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Artist of the Month for September 2002: Larry Pattis

Note: For sound clips, please visit Larry's Audio Clip Page. This link will open a new browser window so you may listen while you read.

Name: Larry Pattis

Age: 46. Born in September of 1955. Virgo.

Town: Salt Lake City, Utah, but looking (literally) for greener pastures (away from the desert).

Hometown (if different from current town): Chicago, IL

When did you start playing guitar? It was 1973, during my senior year in High School. I was 17 years old. My sister and father had signed up for group guitar lessons together, and my Dad didn't like it (hurt his fingers). The 8 weeks of group lessons were all paid for, so I volunteered. I had always wanted to learn to play guitar. Once I got my hands on the guitar I was immediately hooked. I can't remember if my sister finished out the 8 weeks with me. Didn't matter.

First guitar: Don't remember, thankfully. I'll amend the question to "First Guitar I Loved": In 1975 I bought my first Bozo Podunavac guitar. His shop used to be on Lincoln Ave. in Chicago, I didn't know diddley-squat about guitars, handmade or otherwise, but I fell in love with this guitar. Some years after I sold it, I saw it hanging once again in the shop that Bozo used to own. It's the only guitar I have truly regretted letting go of. I guess it's that first love that we always remember and long for.

Early Influences: Peter Lang, Andres Segovia, Michael Lorimer, Leo Kottke, Julian Bream, and John Fahey. Possibly even in that order!

First gig: On campus at Indiana University, Student Union Building, at "The Kiva" coffeehouse, kind of a no-windows basement setting, dark and comfortable. Wonderful memories, even though I couldn't play guitar very well back then. I used to play instrumentals and sing. Don't ask. 8-)

Guitars you own: Currently? Two Martin OM-28V (custom) guitars, one of these I used to record my latest CD, "Hands of Time." Also a custom Jeff Traugott, and two very custom Bozo Podunavac guitars.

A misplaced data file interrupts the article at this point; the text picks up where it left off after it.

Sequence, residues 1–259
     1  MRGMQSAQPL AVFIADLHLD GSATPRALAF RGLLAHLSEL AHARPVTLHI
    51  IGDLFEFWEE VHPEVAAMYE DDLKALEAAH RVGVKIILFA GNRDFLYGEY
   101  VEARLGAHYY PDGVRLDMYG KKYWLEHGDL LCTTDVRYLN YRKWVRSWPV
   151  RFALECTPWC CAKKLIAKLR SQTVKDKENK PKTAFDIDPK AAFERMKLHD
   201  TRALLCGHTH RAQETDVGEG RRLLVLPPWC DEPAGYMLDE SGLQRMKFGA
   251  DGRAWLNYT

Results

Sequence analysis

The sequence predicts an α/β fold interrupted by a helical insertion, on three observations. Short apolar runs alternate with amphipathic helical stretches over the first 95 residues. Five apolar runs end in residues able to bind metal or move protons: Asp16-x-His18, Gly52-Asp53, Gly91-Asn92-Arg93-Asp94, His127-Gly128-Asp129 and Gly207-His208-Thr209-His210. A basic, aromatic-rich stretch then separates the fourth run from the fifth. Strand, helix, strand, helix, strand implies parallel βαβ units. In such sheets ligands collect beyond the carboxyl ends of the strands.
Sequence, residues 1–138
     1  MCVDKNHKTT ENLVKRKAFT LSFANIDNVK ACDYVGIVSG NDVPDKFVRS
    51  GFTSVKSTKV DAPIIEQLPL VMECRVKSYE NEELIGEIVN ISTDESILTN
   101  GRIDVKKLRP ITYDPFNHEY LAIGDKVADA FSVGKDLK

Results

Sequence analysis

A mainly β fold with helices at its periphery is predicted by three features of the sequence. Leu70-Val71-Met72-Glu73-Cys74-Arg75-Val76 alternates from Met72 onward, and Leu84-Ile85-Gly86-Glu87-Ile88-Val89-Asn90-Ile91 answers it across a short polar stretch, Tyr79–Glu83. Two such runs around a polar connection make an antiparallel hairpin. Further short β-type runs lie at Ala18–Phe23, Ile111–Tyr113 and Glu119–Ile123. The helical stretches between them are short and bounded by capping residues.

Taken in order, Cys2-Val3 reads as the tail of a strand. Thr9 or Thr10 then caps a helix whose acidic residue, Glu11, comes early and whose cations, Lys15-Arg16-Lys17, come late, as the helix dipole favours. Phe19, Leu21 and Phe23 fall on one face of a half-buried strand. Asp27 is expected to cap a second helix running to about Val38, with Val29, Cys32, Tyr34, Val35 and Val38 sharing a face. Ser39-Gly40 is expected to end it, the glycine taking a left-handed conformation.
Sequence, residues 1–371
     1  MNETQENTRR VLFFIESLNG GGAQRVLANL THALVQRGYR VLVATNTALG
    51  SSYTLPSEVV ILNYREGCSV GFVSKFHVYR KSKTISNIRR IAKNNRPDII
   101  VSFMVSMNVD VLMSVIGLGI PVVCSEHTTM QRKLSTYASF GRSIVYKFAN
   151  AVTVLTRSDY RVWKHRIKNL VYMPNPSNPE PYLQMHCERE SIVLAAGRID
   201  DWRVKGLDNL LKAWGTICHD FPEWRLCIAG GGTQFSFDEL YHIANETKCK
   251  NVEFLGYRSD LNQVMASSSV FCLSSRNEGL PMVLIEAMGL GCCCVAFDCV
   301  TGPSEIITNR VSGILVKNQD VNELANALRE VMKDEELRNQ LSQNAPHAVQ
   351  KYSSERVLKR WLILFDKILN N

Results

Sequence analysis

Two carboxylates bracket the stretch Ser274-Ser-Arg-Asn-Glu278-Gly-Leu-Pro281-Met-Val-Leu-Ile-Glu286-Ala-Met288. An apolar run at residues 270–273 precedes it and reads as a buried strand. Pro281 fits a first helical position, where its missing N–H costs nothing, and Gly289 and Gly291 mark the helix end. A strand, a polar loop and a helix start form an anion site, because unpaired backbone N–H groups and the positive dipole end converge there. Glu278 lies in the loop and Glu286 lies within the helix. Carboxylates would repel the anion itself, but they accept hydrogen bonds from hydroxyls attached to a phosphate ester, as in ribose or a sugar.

Favorite Guitar: Ha, ha, ha, ha .O.K., I'll try to answer this somewhat seriously. I find the Martin OM-28Vs that I own (with cutaway and slotted headstock) to be the perfect guitars for me, both tonally, and also the geometry of the set-up (string spacing at the bridge, width of neck at 12th fret, etc.). Then I pick up my Traugott, and it has such a wonderfully different sound, that I realize there is no possible way to call any of them my favorite. Same thing when I pick up my Bozos. But I do choose to play my Martins for both recording and in-concert. Wonderfully flexible guitars that are a joy to play.

Your Style: Attempting to categorize what I do is a daunting task. There is no quick, one line answer that gives the entire picture. I have had folks describe it as "neoclassical," but there is an actual term "neoclassical" that represents some type of music from the early 20th century that bears no relation to my music. I play original tunes, strong on melody and form, and it seems to be some kind of blending of both folk and classical music. Less and less alternating bass as the years have gone by, more flexibility and experimentation in tempo, more arpeggiation, and I think an evolving melodic style.

How did you develop your style? Hard work, quite frankly. Many years of disciplined practice combined with a lot of experimentation (within the classical tradition "tapping" and other "modern" techniques don't appeal much to me musically). I have always worked on original music, that is, after about 2 years into my guitar playing experience. I learned several Fahey, Kottke, and Lang pieces early on, and emulated and experimented from there. I am not a technical/flashy genius on the guitar, however, by any stretch of the imagination. I use what I have to create what I consider to be pleasing music, rather than impressive pyrotechnics, on the instrument. Early on I never did any arranging of pieces, but hanging around El McMeen has changed this a bit. I do think that arranging music is a terrific way to get into serious guitar playing, even though I did not take that path.

Practice Regimen: I do a series of right and left hand exercises that relate to some early classical training, a bunch of arpeggio exercises and stretching techniques created by the inimitable Pierre Bensusan, and some variations on the Segovia scales (in DADGAD!) that I created myself.